Friday, August 2, 2013

Chor Chor Super Chor Review

The title of the film makes it sound nothing less than a B-grade one, or atleast reminds me of a song from Oye Lucky, Lucky Oye! Given that this film too is set in Delhi and is about a clan of thieves functioning under a single man's motive, I'm reminded of the Dibakar Bannerjee film again. But it fails to follow DB's deftness and astuteness in creating Delhi and its characters on screen. Alas, local actors with Dilli accent and panning shots of metro trains and old Delhi are not enough. As far as the title goes, a character in the film finds this phrase "catchy". And you'll find yourself settling with it.

This film smartly takes advantage of "the second-half curse" of Bollywood of which many films this year were victims (Ek Thi Daayan, Go Goa Gone). The second half makes you adjust yourself in your seat with it's sudden speed-up in pace as all the contrivances set up in the first half find reason here. It's smartly done as you get the idea of the actual film then. 

Though first hour is replete of humour, latter half has occasional but genuinely witty jokes. Yet this film would be dabbed as a mediocre one under comedy genre because it's done with a conscious attempt of making it funny by its makers. The background detailing and the art design is tactful but would have erupted me in laughter only if it had added a different dimension to the narrative without the makers wanting me to notice it. Like in the bhajan ringtone of a jeweler; or in a scene where he is peeing on a wall that has an unoriginal "Aapka bhavishya aapke haath mein hai" scribbled on it. It's there in your face, wanting you to ponder on its double meaning and laugh aloud.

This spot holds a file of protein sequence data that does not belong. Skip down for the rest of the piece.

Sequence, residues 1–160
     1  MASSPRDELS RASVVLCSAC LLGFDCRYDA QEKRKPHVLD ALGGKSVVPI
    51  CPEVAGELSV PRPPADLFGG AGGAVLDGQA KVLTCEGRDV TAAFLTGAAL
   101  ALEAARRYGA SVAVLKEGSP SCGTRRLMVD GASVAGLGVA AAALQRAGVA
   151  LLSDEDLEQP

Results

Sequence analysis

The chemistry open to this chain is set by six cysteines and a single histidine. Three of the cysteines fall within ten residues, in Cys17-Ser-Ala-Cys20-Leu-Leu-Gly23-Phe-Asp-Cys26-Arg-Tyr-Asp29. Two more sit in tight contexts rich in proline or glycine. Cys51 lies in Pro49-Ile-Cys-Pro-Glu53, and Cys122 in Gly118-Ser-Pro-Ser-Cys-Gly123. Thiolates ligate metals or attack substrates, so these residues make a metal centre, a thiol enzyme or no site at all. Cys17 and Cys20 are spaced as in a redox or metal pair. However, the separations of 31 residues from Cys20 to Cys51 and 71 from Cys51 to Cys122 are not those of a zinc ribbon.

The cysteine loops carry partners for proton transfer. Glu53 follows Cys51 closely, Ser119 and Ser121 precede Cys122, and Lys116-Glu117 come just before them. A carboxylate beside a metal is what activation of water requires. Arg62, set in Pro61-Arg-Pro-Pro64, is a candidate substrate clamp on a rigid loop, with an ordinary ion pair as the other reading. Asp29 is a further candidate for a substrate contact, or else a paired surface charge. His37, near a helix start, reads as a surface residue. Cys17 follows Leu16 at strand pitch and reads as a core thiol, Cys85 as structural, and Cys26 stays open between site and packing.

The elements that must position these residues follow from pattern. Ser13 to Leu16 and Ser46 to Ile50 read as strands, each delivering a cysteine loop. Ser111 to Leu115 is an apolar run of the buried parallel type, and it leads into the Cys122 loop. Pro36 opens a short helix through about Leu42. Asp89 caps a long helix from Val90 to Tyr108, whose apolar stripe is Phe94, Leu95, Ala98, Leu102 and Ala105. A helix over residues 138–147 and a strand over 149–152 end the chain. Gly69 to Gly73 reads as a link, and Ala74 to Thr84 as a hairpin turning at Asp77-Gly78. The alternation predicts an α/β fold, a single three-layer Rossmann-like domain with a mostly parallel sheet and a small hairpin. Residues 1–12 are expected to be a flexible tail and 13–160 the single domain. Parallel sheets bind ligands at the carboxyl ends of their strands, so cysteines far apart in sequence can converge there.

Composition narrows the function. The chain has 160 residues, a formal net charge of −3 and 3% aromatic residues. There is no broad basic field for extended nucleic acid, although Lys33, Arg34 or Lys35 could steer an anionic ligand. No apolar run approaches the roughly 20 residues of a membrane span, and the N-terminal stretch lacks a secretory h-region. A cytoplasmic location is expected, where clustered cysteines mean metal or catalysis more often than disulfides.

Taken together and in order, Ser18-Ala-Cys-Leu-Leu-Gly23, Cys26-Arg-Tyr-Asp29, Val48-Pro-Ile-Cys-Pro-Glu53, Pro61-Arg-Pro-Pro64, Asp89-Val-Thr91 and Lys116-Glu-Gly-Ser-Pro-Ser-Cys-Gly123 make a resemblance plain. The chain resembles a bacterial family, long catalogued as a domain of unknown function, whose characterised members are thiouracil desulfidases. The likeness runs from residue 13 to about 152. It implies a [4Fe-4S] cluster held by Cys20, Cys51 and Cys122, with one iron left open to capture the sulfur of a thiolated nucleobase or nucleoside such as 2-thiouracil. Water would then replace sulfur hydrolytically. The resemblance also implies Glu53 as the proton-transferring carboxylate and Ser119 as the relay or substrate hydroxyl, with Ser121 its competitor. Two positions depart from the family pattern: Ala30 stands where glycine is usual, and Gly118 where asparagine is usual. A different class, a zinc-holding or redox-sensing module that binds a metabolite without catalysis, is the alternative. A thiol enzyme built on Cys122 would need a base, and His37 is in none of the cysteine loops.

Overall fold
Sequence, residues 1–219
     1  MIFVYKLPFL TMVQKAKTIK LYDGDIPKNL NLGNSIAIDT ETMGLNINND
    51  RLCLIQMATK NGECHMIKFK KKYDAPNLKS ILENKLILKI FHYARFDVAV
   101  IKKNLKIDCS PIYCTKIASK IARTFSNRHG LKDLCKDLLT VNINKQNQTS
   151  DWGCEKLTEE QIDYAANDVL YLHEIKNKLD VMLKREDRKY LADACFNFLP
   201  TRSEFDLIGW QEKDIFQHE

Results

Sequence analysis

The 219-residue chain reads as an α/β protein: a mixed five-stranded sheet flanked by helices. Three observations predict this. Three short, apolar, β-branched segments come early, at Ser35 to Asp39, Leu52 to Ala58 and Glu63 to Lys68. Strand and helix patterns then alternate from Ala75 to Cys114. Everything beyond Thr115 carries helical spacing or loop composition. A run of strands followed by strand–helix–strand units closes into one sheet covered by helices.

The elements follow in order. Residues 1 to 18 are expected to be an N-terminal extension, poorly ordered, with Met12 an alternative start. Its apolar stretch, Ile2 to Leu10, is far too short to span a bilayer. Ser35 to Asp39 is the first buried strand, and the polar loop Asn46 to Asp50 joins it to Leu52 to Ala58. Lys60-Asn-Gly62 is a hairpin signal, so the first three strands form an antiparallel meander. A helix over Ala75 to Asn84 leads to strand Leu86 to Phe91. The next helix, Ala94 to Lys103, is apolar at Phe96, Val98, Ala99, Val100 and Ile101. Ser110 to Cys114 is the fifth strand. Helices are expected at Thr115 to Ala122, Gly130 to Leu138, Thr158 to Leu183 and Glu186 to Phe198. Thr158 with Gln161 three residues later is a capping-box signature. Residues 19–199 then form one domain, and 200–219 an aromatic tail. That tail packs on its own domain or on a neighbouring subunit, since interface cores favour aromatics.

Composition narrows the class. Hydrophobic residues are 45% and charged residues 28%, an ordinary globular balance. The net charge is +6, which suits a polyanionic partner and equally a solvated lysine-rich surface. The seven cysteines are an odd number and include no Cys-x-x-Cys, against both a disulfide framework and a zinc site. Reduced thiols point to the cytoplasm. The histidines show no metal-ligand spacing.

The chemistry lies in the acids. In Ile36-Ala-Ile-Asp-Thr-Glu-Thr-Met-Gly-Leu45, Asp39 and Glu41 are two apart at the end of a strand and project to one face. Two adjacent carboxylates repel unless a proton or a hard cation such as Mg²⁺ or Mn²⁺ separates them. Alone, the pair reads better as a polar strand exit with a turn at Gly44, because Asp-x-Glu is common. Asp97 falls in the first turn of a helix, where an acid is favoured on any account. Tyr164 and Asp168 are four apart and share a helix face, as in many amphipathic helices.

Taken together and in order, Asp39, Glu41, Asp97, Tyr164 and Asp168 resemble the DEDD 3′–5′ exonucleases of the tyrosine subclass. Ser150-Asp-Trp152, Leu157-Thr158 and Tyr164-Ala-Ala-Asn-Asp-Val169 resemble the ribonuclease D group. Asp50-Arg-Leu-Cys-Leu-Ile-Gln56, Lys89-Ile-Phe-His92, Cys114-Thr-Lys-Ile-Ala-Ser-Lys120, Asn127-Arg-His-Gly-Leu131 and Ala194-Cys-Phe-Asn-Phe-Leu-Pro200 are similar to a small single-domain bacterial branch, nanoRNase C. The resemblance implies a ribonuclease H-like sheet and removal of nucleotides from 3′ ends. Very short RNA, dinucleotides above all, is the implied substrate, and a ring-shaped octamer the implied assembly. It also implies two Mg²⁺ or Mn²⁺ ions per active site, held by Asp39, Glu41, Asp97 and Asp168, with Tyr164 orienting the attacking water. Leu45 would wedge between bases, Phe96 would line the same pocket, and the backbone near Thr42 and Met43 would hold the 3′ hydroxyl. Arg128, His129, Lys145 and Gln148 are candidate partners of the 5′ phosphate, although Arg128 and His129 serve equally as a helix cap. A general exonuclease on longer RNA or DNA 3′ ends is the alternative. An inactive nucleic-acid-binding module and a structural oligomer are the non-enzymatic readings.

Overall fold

There are some subtly dealt scenes too... like that in the guity and complaining confrontation of the leads among whom some romance was brewing up. There are some innovatively thought situations too but they fall back when the film changes its gears. 

At some levels, this film also appears as a lost opportunity as there was a good idea of social commentary and satire waiting to be thought by its four writers unlike 2010 national award winner Do Dooni Chaar of which the climax portion seems to have inspired (in an anti-theory way) this film, or atleast the second half.

Last comedy film I saw was Ghanchakkar which had very bankable Emraan Hashmi and Vidya Balan. Yet it failed. Its overstretched length being one of its major reasons. Chor Chor Super Chor is daringly only 99 minutes long and has not-so-well-known actors in it. Deepak Dobriyal, the lead actor, who has shown his acting prowess in his varied range of filmography from Omakara to 13B to Tanu Weds Manu to Dabangg 2 clearly deserves more. So does the director, Rajesh K., for his belief in his debut and its fearless execution. Who says Bollywood isn't changing?

No comments: